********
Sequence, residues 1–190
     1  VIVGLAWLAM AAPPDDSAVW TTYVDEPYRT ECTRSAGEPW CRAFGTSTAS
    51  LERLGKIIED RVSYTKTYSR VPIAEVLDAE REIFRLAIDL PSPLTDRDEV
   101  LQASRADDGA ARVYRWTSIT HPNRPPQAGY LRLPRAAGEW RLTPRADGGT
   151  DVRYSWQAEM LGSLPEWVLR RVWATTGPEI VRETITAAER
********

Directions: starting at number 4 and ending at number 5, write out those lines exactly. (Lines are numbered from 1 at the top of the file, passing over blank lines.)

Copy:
   101  LQASRADDGA ARVYRWTSIT HPNRPPQAGY LRLPRAAGEW RLTPRADGGT
   151  DVRYSWQAEM LGSLPEWVLR RVWATTGPEI VRETITAAER